Chronicles of Froissart
knight : if the fourth part of his men had done their devoirs as well as he did, the journey had been his by all likelihood. Howbeit they were all slain and taken that were there, except a few that saved themselves, that were with the king.' There was slain the duke Peter of Bourbon, the lord Guichard of Beaujeu, the lord of Landas, and the duke of Athens, constable of France, the bishop of Chalons in Champagne, the lord William of Nesle, the lord Eustace of Ribemont, the lord de la Tour, the lord William of Montaigu, sir Grismouton of Chambly, sir Baudrin de la Heuse, and many other, as they fought by companies ; and there were taken prisoners the lord of Vaudenay, the lord of Pompadour, and the archpriest, sore hurt, the earl of Vaudimont, the earl of Mons, the earl of Joinville, the earl of Vendome, sir Louis of Melval, the lord Pierrebuffiere and the lord of Serignac there were at that brunt slain and taken more than two hundred knights.2
Of two Frenchmen that fled from the battle of Poitiers, and two Englishmen that followed them.
AMONG the battles, recounterings, chases and pursuits that were made that day in the field, it fortuned so to sir Oudart of Renty that when he departed from the field because he saw the field was lost without recovery, he thought not to abide the danger of the Englishmen; wherefore he fled all alone and was gone out of the field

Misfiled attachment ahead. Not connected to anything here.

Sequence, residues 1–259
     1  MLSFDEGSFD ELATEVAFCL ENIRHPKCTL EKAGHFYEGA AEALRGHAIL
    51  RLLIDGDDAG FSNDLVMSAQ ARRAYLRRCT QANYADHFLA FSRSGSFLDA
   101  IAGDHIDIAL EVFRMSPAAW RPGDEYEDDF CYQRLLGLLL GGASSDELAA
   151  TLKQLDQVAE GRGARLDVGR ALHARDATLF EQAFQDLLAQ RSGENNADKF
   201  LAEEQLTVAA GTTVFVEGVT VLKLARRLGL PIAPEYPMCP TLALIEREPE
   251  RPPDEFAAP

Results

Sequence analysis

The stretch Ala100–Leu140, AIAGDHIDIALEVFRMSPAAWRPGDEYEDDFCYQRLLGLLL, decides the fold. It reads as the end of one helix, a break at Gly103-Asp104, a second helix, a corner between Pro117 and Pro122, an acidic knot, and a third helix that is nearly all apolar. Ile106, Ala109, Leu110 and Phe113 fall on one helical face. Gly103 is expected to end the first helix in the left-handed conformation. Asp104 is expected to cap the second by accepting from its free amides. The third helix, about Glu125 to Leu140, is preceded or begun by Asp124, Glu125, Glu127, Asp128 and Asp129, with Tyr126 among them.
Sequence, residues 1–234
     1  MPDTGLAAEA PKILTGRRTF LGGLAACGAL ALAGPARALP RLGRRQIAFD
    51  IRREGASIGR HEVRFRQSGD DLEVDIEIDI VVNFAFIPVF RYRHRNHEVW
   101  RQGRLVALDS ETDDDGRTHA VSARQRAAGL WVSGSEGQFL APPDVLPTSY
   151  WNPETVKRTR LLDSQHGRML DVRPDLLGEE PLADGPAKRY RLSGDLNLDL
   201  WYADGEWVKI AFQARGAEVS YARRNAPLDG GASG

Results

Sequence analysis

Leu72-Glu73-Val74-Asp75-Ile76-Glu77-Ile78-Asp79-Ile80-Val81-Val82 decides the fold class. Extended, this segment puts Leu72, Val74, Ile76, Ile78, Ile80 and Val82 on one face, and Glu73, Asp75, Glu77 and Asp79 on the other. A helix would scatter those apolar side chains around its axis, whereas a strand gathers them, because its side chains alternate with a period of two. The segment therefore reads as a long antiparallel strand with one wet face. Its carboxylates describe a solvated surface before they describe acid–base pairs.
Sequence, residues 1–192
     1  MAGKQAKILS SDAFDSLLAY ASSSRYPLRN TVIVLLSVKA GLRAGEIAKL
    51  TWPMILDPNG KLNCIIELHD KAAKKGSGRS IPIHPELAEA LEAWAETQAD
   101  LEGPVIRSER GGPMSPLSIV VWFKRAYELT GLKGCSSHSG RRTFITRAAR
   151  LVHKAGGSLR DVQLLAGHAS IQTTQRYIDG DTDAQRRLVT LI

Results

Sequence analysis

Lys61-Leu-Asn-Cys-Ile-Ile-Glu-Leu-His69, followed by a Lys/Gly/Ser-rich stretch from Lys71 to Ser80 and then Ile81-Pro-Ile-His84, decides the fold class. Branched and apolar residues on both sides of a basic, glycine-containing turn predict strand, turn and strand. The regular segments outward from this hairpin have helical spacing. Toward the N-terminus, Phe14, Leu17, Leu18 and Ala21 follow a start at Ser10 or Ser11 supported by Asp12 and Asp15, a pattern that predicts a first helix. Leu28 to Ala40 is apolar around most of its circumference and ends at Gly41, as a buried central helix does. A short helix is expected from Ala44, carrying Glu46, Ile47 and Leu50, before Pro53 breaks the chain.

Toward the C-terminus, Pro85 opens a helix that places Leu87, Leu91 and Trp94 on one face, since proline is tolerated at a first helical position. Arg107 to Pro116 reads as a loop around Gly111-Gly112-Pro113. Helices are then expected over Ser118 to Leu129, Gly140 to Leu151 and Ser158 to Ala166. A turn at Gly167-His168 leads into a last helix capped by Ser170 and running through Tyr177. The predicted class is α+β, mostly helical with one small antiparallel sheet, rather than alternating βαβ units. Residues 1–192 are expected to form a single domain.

1 ` Howbeit they that stayed acquitted them as well as they might, so that they were all slain or taken. Few escaped of those that set themselves with the king' : or according to the fuller text , Few escaped of those that alighted down on the sand by the side of the king their lord.' 2 The translator has chosen to rearrange the above list of killed, wounded or taken, which the French text gives to order as they fought, saying that in one part there fell the duke of Bourbon, sir Guichard of Beaujeu and sir John of Landas, and there were severely wounded or taken the archpriest, sir Thibaud of Vodenay and sir Baudouin d'Annequin ; in another there were slain the duke of Athens and the bishop of Chalons, and taken the earl of Vaudemont and Joinville and the earl of Vendome : a little above this there were slain sir William de Nesle, sir Eustace de Ribemont and others, and taken sir Louis de Melval, the lord of Pierrebufiere and the lord of Seregnach. a league, and an English knight pursued him and ever cried to him and said, Return again, sir knight, it is a shame to fly away thus.' Then the knight turned, and the English knight thought to have stricken him with his spear in the targe, but he failed, for sir Oudart swerved aside from the stroke, but he failed not the English knight, for he strake him such a stroke on the helm with his sword, that he was astonied and fell from his horse to the earth and lay still. Then sir Oudart alighted and came to him or he could rise, and said, `Yield you, rescue or no rescue, or else I shall slay you.' The Englishman yielded and went with him, and afterward was ransomed. Also it fortuned that another squire of Picardy called John de Hellenes was fled from the battle and met with his page, who delivered him a new fresh horse, whereon he rode away alone. The same season there was in the field the lord Berkeley of England, a young lusty knight, who the same day had reared his banner, and he all alone pursued the said John of Hellenes. And when he had followed the space of a league, the said John turned again and laid his sword in the rest instead of a spear, and so came running toward the lord Berkeley, who lift up his sword to have stricken the squire ; but when he saw the stroke come, he turned from it, so that the Englishman lost his stroke and John strake him as he passed on the arm, that the lord Berkeley's sword fell into the field. When he saw his sword down, he lighted suddenly off his horse and came to the place where his sword lay, and as he stooped down to take up his sword, the French squire did pike his sword at him, and by hip strike him through both the thighs, so that the knight fell t